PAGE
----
Current indications are that the EC is leaning heavily towards the idea that CBD does indeed count as a narcotic under the 1961 Un Convention.
This would mean that a major proportion of the EU market is now essentially on hold. However, in reality, sales continue – essentially meaning the sector continues to move forward slowly peppered by enforcement actions – in particular in the Spanish and Swedish markets.
But really this is not a death knell for the industry. It is an unfortunate turn of circumstances for sure. But reality largely continues to resemble the grey area that preceded it. Companies will continue to operate largely as before while this decision is being processed. Perhaps some investment and interest from established companies in other sectors will be missed. But the day to day sale of CBD products to European consumers shall continue unabated.
It does put the UK squarely into the prime market position – now both in terms of its large market size and the fact that it will likely be the quickest place to provide a legal path to market for CBD food, drink and supplement items.
Beyond that, the main consideration is what will happen if the EC does consider CBD a narcotic. That is much harder to determine. But one point to consider is the recent declaration of stance by the US Food and Drink Administration (FDA). The agency had maintained that CBD should not be in food because of its use as an active ingredient in an approved pharmaceutical drug.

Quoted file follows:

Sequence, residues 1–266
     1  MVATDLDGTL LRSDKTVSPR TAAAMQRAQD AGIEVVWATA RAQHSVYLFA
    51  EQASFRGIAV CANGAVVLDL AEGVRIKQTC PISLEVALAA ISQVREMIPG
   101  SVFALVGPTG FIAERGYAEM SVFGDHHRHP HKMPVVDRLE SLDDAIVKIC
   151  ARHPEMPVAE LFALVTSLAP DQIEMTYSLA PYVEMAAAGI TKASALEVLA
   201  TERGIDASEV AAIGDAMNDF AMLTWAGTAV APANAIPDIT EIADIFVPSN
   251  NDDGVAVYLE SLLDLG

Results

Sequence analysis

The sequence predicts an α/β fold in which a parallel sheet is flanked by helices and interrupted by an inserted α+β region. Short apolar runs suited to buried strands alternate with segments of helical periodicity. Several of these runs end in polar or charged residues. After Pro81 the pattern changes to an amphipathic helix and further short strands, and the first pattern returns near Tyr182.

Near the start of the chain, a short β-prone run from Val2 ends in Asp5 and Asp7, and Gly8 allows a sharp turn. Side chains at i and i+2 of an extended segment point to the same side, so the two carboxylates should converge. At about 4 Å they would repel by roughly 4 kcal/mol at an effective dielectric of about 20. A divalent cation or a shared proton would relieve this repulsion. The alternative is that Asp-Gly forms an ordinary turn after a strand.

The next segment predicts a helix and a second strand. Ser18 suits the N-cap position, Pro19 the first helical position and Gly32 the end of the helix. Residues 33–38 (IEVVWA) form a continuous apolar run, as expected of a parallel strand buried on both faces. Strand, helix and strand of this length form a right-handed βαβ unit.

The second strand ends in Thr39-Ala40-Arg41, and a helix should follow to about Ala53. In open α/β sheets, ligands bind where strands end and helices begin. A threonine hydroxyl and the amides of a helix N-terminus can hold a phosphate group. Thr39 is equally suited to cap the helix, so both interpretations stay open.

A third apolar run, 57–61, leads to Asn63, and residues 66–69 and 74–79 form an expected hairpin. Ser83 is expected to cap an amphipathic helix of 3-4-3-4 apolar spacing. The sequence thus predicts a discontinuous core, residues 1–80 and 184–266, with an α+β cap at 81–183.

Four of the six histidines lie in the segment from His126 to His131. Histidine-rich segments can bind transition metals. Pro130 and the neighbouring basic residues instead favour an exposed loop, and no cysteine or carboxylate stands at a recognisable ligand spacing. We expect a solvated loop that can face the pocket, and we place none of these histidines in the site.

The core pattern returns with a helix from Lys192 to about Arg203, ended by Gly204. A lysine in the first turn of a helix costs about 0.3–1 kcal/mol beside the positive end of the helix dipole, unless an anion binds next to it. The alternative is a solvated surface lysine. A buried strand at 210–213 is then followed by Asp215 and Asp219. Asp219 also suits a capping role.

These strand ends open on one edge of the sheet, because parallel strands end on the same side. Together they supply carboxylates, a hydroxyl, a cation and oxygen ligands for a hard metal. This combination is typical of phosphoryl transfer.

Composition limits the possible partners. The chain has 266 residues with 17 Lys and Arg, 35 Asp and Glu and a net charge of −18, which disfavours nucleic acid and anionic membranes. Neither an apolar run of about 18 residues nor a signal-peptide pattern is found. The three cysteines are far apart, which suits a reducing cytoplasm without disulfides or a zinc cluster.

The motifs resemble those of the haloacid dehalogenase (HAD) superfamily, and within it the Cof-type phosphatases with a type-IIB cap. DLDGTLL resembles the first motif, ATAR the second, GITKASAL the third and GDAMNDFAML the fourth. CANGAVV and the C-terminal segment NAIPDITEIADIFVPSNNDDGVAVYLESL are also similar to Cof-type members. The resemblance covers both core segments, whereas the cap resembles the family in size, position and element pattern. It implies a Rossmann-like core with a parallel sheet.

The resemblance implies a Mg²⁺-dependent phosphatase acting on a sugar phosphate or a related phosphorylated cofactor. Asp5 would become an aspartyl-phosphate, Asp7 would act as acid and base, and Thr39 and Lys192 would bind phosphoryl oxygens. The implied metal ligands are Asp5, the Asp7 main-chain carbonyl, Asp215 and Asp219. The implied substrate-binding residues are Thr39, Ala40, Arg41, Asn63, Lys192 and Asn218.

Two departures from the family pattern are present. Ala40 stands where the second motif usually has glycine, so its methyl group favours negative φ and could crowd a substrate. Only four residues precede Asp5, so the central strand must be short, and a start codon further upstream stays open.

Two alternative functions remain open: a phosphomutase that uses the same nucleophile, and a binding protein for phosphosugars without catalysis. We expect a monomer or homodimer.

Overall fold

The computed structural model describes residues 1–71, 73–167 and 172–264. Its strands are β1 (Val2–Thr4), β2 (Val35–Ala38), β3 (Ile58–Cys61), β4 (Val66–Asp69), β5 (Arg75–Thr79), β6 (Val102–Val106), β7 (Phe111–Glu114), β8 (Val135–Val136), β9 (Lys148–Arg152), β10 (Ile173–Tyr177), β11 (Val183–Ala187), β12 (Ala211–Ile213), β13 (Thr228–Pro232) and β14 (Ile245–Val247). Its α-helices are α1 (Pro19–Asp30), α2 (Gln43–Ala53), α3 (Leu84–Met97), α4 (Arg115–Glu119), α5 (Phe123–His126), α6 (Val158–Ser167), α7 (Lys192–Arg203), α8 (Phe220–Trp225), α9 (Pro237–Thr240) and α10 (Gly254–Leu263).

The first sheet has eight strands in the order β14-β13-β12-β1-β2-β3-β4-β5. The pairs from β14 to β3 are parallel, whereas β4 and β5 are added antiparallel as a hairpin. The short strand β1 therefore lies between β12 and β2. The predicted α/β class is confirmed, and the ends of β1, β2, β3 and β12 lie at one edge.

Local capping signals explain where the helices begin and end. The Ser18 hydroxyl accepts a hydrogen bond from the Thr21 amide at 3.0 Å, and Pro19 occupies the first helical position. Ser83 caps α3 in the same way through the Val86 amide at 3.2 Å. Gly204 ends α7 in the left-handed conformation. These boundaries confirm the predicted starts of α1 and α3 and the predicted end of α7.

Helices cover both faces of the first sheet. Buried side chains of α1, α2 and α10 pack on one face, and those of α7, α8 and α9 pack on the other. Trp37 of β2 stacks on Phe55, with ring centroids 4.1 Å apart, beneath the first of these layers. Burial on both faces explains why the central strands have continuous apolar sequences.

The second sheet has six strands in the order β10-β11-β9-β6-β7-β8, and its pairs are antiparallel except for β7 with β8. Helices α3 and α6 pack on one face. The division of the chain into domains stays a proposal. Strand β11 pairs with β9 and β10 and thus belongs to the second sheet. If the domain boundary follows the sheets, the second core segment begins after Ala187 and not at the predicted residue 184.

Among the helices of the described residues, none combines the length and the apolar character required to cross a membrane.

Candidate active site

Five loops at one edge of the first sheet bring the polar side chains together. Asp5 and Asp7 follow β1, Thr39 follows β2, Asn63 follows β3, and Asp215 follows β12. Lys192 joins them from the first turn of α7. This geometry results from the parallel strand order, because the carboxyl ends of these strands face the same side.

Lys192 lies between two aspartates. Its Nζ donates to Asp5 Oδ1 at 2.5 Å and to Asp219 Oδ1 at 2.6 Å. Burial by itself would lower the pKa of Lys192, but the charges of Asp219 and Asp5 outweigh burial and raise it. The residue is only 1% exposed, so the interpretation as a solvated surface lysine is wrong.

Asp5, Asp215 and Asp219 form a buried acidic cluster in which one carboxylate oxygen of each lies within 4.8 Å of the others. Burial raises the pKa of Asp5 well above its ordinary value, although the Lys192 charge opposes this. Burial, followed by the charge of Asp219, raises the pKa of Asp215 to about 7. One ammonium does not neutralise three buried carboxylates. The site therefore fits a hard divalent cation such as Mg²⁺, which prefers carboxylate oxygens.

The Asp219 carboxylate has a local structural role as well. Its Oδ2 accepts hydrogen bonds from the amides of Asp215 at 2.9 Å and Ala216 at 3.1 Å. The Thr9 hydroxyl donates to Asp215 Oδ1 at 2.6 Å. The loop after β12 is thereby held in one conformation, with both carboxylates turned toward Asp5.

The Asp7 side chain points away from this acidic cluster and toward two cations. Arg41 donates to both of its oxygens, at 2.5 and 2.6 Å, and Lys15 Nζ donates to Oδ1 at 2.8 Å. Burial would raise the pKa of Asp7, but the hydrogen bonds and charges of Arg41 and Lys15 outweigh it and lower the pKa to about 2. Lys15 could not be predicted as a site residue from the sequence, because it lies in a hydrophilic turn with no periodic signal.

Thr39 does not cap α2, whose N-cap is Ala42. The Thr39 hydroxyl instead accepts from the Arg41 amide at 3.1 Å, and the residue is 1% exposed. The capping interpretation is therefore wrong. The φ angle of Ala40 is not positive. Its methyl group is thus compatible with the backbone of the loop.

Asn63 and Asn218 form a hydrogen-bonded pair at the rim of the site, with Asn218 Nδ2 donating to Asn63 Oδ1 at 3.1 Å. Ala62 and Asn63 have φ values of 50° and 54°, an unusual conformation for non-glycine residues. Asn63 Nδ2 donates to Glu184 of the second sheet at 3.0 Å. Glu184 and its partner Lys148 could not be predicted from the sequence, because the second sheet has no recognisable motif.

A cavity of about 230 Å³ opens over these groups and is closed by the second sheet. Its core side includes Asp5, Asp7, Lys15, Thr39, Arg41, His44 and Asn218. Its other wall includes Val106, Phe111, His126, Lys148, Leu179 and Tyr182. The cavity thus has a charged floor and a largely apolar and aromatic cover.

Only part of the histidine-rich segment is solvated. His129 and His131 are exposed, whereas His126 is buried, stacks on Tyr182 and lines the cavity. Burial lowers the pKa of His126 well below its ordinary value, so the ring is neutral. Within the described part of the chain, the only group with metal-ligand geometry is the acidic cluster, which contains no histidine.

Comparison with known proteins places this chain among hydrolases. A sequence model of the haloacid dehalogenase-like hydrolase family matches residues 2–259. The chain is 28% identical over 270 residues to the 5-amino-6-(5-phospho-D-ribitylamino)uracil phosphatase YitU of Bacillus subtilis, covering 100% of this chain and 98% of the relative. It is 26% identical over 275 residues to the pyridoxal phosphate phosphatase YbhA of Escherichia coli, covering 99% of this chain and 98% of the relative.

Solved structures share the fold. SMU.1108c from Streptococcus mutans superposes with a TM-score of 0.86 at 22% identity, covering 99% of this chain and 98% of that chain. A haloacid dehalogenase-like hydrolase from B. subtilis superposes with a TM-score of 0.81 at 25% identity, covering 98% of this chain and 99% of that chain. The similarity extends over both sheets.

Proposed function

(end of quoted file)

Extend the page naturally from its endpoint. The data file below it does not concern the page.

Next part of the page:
But earlier this year FDA commissioner Stephen Hahn admitted that the cat was already out of the bag in terms of the foundation of the CBD market and there was no going back even if the FDA wanted to hold to its stance. “People are using these products. We’re not going to say: ‘You can’t use these products.’ Even if you did, it’s a fool’s game to try to approach that,” he told attendees at a conference in the USA.
And that’s an important point to remember regarding the EC’s decision. It would likely be more trouble than it’s worth to suddenly prohibit the entirety of the EU food, drink and supplement CBD market even if the EC did consider it all a narcotic.
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